Ice ice baby

Trip Start Jan 09, 2004
1
12
39
Trip End Jul 14, 2004


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Flag of Canada  , Alberta,
Tuesday, February 3, 2004

Living in a new city is like wearing in a new pair of shoes. When you first get new shoes it's exciting, or at least enjoyable, wearing them for the first few times. They're different and new, which is fun in itself, and they allow different outfit combinations. Moving into a new city provides a whole new place to explore, and being somewhere different gives me a sense of excitement just waking up in the morning. Plus, you get the opportunity to develop interests or parts of your personality you may not have been able to at home, depending on whom you spend your time with or what you do there.

But new shoes can also be annoying. They can rub your feet in places while you're getting used to them. It can be disappointing realising you definitely can't wear your new shoes with your favourite skirt. A new city is like that. It's irritating not knowing my way around, getting lost when I get off the bus at the wrong stop, and not knowing anywhere good to eat. It's hard not being able to see the beach at all, and giving up the gym classes I did in Australia because they just don't have them here.

New shoes soon become just shoes. They lose the sheer whiteness, for example, and mould to your feet so they don't hurt anymore. They become comfortable, reliable, just another pair of shoes you wear. Unfortunately cities lose their shine too. It's satisfying in a way, knowing a city. Knowing which buses and trains I can catch where, knowing where to go for a beer or a meal, and stopping in the hall or street to chat to someone familiar. But it's also a bit sad not having that sense of excitement just walking around anymore.

Calgary has become comfortable. I know that the 8:39 bus doesn't actually come until 8:45. I know that Calgary is as ordered as Adelaide. Instead of squares and grids, everything is orderly numbered. There's NW, SW, SE, and SW. Streets run North South, while avenues run East West. In the city 6th Avenue is followed by 7th Avenue, and so forth. I know that a beanie is a toque. I know how to mock a Canadian accent, eh? I know the university hosts free movies on Monday nights, and the times I can use the pool for free. I know what time my housemates won't be using the bathroom. I know that the opening of Dalhousie station stuffed up all the buses in Brentwood, where I live.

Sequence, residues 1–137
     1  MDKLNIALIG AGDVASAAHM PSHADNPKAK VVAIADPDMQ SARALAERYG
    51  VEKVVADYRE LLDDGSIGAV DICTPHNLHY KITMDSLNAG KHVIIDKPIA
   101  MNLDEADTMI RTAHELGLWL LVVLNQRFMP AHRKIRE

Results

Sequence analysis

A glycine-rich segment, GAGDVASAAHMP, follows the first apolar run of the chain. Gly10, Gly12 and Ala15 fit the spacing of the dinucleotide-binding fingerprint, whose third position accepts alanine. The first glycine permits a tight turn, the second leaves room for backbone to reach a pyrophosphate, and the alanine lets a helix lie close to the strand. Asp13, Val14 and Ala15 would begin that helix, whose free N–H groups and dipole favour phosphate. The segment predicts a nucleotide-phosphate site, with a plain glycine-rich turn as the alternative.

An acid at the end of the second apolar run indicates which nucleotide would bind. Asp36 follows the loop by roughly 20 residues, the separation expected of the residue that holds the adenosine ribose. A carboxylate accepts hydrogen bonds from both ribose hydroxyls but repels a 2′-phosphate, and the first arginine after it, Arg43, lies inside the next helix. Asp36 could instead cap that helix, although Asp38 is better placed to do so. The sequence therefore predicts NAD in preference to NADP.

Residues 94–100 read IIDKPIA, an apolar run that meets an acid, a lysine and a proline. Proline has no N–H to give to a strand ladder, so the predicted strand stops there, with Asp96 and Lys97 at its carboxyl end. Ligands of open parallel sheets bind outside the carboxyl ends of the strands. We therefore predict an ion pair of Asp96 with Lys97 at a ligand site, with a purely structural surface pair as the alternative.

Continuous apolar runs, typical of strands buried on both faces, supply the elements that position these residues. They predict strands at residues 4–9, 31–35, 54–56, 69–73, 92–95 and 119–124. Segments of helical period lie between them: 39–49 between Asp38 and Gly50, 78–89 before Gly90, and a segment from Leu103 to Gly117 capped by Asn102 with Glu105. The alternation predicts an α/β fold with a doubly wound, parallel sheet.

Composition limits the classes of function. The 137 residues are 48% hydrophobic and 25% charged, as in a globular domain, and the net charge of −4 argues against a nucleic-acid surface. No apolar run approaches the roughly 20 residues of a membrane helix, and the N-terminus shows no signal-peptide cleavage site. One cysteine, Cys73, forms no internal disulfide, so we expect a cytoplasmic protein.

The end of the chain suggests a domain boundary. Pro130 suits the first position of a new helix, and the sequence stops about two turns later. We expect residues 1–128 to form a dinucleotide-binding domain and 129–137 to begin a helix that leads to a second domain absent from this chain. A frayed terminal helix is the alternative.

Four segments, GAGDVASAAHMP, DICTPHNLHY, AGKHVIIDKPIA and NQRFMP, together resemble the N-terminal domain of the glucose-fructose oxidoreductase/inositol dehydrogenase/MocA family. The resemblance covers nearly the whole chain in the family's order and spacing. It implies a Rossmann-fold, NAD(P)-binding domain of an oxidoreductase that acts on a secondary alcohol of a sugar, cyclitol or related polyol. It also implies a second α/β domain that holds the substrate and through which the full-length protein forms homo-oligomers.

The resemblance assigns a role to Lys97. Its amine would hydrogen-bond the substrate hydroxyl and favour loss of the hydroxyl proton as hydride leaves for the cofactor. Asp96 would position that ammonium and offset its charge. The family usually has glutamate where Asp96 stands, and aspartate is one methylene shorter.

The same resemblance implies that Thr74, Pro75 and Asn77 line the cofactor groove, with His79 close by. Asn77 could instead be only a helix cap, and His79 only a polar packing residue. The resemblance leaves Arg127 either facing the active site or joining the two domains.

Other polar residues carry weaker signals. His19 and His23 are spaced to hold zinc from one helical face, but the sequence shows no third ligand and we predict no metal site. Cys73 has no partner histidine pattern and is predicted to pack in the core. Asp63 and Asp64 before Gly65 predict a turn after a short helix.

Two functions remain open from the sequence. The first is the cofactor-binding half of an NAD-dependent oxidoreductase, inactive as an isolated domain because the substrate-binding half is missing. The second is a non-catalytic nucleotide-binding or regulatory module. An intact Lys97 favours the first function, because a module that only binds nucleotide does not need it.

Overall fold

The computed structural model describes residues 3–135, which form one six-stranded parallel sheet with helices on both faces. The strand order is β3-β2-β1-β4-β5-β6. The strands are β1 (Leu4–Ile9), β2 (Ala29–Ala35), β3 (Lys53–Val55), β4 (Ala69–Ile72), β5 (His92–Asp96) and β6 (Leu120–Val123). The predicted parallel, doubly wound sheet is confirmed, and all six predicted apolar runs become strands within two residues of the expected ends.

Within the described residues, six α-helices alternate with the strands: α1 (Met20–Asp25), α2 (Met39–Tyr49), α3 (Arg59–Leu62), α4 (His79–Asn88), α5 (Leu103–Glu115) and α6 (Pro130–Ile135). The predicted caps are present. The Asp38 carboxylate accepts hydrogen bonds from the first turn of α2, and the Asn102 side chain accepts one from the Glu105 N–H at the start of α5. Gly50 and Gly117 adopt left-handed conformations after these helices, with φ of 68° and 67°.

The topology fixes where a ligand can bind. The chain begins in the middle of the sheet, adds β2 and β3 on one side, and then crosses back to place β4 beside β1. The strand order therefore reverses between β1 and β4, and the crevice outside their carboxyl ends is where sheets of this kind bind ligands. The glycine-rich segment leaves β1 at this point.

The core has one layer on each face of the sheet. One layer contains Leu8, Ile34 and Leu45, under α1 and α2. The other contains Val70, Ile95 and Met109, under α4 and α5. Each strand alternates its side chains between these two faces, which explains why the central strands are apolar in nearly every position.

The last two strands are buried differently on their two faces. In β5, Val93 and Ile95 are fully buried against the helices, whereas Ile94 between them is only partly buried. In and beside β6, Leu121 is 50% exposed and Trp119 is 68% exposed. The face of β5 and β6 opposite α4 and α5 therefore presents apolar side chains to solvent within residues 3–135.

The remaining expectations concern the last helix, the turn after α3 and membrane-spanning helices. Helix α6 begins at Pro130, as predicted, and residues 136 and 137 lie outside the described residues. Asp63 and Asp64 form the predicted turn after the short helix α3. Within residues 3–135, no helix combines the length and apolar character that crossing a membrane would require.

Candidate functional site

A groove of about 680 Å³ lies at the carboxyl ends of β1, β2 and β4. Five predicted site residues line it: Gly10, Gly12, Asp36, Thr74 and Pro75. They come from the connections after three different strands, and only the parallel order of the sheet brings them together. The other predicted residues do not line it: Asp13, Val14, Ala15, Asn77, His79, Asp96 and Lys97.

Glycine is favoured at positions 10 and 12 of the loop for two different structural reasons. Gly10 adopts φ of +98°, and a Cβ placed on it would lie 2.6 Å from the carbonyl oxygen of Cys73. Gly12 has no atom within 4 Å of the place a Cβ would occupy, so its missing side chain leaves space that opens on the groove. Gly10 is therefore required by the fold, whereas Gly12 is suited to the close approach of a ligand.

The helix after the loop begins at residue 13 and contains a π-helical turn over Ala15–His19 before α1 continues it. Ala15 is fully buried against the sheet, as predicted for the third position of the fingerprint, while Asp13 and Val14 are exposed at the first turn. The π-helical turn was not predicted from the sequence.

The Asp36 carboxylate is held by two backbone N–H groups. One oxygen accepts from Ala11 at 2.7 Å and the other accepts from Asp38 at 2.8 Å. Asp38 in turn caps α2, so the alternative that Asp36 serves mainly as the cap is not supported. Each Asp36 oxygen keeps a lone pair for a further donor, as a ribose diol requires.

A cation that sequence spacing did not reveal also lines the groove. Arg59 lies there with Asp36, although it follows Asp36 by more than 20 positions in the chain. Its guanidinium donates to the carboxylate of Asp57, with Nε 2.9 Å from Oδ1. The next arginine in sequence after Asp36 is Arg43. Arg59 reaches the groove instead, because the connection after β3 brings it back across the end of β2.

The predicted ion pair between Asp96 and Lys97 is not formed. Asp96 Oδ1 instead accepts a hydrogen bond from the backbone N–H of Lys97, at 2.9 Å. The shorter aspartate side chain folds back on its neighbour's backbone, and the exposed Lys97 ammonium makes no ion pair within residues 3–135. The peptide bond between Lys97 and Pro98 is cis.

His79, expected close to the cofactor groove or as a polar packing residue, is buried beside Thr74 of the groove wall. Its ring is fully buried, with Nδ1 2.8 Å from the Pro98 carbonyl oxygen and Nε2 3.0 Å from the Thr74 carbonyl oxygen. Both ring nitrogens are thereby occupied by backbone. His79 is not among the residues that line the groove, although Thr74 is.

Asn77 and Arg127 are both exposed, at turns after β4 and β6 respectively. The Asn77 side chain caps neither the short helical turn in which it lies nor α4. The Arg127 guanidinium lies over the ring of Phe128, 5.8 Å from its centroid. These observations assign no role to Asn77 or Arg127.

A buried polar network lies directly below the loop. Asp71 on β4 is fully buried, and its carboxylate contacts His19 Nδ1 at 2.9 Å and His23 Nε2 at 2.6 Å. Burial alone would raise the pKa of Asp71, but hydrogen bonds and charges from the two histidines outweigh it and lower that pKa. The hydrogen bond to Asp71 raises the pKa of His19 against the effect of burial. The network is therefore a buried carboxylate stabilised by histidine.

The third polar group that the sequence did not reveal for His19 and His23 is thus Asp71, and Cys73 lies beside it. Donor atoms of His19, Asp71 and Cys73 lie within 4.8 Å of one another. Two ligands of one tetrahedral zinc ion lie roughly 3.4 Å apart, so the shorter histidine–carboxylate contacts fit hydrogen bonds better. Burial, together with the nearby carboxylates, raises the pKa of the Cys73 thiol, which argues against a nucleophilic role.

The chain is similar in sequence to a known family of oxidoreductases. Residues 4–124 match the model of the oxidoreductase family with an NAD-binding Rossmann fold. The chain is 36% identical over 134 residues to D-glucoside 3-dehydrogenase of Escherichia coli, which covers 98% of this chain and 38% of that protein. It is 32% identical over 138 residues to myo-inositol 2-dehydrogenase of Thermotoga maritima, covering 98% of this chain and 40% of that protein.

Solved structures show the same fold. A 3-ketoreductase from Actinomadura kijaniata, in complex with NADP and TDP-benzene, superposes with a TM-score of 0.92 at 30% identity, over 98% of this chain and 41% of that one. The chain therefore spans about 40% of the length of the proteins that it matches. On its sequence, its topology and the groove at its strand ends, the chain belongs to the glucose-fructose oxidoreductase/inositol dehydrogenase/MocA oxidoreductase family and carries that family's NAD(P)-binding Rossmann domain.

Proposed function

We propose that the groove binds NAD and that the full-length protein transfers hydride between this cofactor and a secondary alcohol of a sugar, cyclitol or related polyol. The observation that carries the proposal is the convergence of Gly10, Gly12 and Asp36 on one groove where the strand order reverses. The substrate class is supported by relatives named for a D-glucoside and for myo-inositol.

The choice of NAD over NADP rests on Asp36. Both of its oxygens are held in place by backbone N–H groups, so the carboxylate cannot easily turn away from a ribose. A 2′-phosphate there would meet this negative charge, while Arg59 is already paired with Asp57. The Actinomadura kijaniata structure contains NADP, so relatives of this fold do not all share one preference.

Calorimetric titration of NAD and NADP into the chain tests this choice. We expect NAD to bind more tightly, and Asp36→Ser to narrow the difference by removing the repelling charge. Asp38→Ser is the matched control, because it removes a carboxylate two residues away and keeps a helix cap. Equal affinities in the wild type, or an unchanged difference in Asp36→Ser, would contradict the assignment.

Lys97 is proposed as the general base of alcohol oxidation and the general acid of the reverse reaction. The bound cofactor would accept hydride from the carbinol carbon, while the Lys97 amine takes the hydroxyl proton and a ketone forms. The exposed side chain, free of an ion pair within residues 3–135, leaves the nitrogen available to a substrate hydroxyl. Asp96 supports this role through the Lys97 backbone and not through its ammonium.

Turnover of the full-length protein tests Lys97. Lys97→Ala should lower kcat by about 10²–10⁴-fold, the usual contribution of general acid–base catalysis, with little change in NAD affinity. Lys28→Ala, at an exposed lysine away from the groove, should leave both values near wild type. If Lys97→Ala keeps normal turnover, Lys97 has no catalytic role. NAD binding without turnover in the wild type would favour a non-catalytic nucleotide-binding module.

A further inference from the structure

The best thing about coming to know a foreign city is knowing that when I go home, it too will be like a foreign city, at least for a moment. When I get off the plane and drive down to the beach in Adelaide I'll see it with fresh eyes. You have a point of comparison which can be pretty hard to deal with, if you don't see home in a good light, but it's a great experience to have. Last time around I found it pretty hard to handle but now I love calling Adelaide home. I don't miss it yet, but I know down the track when I get home I'm going to enjoy it. We have it pretty good.

But there's no need to be thinking about that now! I've got too much to look forward to. I'm already a quarter through my stay in Calgary. Then I'm going on to Quebec, which will be a test of my French ability. No doubt as soon as I get the hang of Quebecois I'll be moving on to Paris to start again. I haven't even started snowboarding yet, and I'm heading to Vancouver on the 18th of this month. That is going to be great. I'm really looking forward to some good BC salmon in sushi, and seeing the ocean again!
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